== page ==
Study of Trees

Study of Trees



Thomas Gainsborough, R.A. (1727-1788)
A Study of Trees

Inscribed upper left: No 19
Pencil on laid paper
20 by 14.7 cm., 7 ¾ by 5 ¾ in.

Private collection, UK

Hugh Belsey, `A Second Supplement to John Hayes's `The Drawings of Thomas Gainsborough' ', Master Drawings, vol. XLVI, 2008, no.1025, ill.

The present drawing has been dated by Hugh Belsey to circa 1756 and he compares it to
Trees Overhanging a Stream in the Cantor Arts Centre, Stanford University (John Hayes, The Drawings of Thomas Gainsborough, London, 1970, p. 138, no.107).

There are several sketches on similar size sheets to the present drawing, which was formerly part of the artist's sketchbooks used for his plein-air sketching at this period. In 1799 Gainsborough's daughter Margaret held a sale including ten sketchbooks belonging to her father. The whereabouts of the contents of several of these has been well documented and amongst the sheets are several carefully studied, but rapidly executed sketches of trees or compositional sketches from nature.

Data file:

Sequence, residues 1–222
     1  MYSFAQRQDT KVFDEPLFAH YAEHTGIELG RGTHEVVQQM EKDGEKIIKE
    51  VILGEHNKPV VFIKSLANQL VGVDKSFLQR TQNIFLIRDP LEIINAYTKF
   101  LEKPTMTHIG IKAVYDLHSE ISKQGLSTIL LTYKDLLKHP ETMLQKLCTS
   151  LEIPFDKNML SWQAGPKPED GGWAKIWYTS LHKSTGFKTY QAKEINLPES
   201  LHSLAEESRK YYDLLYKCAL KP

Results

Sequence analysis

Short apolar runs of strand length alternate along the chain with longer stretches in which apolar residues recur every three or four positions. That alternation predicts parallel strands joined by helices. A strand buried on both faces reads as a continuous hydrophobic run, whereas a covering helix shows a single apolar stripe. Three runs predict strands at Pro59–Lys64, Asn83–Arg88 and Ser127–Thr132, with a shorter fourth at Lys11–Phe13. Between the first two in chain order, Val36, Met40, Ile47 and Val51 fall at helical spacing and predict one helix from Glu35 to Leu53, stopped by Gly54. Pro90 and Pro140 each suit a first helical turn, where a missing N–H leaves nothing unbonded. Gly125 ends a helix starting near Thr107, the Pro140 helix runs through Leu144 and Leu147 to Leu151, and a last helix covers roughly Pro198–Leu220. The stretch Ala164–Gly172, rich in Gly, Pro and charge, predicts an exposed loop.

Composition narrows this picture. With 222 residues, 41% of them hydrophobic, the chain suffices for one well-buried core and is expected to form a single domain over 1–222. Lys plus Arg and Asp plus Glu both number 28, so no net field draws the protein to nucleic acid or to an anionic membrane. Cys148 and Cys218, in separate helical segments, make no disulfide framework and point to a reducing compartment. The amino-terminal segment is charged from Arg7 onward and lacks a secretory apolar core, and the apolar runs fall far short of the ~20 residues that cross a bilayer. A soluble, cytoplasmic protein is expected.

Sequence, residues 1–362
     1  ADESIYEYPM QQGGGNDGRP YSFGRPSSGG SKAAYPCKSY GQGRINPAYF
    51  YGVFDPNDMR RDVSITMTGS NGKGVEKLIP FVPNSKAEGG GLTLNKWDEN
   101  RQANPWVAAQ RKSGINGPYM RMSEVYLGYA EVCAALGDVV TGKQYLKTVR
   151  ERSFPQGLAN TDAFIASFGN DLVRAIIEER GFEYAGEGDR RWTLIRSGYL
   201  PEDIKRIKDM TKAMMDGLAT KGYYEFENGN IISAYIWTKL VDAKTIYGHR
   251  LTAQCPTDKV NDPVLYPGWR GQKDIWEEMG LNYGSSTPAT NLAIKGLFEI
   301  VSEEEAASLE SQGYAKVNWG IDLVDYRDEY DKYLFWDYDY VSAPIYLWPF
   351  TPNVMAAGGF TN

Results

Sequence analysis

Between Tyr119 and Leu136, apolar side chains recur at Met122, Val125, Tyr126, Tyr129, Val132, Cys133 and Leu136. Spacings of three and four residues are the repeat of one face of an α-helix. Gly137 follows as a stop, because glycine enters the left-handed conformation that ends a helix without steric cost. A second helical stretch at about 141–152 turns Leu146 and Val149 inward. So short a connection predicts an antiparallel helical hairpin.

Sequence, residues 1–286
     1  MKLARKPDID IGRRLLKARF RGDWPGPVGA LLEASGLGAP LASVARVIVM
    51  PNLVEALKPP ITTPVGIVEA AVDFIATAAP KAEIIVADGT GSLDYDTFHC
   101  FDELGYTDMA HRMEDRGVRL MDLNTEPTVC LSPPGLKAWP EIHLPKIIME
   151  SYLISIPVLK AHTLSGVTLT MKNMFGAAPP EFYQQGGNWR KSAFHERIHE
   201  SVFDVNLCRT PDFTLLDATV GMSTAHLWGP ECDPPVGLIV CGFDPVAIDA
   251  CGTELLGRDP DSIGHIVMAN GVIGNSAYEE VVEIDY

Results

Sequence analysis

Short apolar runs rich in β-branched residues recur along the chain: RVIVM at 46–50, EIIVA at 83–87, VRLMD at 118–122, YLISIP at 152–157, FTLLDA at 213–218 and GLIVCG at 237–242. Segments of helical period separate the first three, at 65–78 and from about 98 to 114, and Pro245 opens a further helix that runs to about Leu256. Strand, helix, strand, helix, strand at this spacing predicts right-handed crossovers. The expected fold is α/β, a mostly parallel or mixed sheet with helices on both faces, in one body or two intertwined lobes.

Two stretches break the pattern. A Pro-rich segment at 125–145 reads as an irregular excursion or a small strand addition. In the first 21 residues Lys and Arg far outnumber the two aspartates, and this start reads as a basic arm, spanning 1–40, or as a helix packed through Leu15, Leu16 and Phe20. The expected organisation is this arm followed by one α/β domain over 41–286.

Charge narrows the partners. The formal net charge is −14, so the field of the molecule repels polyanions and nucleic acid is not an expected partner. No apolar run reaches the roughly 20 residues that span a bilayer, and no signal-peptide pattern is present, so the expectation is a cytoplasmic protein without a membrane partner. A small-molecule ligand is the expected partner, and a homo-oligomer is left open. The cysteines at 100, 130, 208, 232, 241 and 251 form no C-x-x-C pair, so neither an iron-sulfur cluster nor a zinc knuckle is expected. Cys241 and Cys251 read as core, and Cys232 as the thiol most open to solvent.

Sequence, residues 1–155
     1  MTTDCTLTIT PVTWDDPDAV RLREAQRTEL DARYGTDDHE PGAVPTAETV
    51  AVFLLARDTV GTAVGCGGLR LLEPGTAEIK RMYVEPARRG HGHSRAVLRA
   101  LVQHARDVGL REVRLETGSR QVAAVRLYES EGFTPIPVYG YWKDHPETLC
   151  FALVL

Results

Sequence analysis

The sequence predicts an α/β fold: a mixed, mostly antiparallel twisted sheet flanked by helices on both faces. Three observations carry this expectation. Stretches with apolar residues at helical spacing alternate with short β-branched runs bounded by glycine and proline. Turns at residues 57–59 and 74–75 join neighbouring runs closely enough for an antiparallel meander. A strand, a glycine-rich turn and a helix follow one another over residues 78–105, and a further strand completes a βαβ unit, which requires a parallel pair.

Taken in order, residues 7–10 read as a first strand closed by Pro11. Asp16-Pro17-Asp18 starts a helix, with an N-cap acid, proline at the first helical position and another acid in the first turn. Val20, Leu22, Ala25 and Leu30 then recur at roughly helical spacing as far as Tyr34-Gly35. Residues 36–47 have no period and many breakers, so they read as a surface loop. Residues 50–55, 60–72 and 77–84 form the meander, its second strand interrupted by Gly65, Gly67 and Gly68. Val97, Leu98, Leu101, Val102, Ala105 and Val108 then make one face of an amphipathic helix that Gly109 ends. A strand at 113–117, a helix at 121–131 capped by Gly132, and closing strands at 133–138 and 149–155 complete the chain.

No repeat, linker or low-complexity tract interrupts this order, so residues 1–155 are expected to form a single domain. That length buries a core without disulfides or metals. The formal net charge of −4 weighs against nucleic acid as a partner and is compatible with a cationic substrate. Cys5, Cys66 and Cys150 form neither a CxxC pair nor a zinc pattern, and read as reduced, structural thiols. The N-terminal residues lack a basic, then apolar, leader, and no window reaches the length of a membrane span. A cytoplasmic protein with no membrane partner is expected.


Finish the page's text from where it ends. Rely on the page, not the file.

Bate Dudley in Gainsborough's obituary described Nature as Gainsborough's 'teacher and the woods of Suffolk his academy' (
The Gentleman's Magazine, August 1788, p. 753). It is certainly true that during the early part of his career, the majority of Gainsborough's sketches are taken directly from nature and in particular trees and foliage and the present sketch is characteristic of these early studies. Although such studies were botanically accurate, Gainsborough's interest lay not in a desire to record such detail, rather they were intended to inform the artist's overall understanding of nature. He could then adapt such subjects in his finished paintings and drawings into a form and shape, that whilst immediately recognisable and full of animation and character, did not detract from the overall, elevated atmosphere he intended.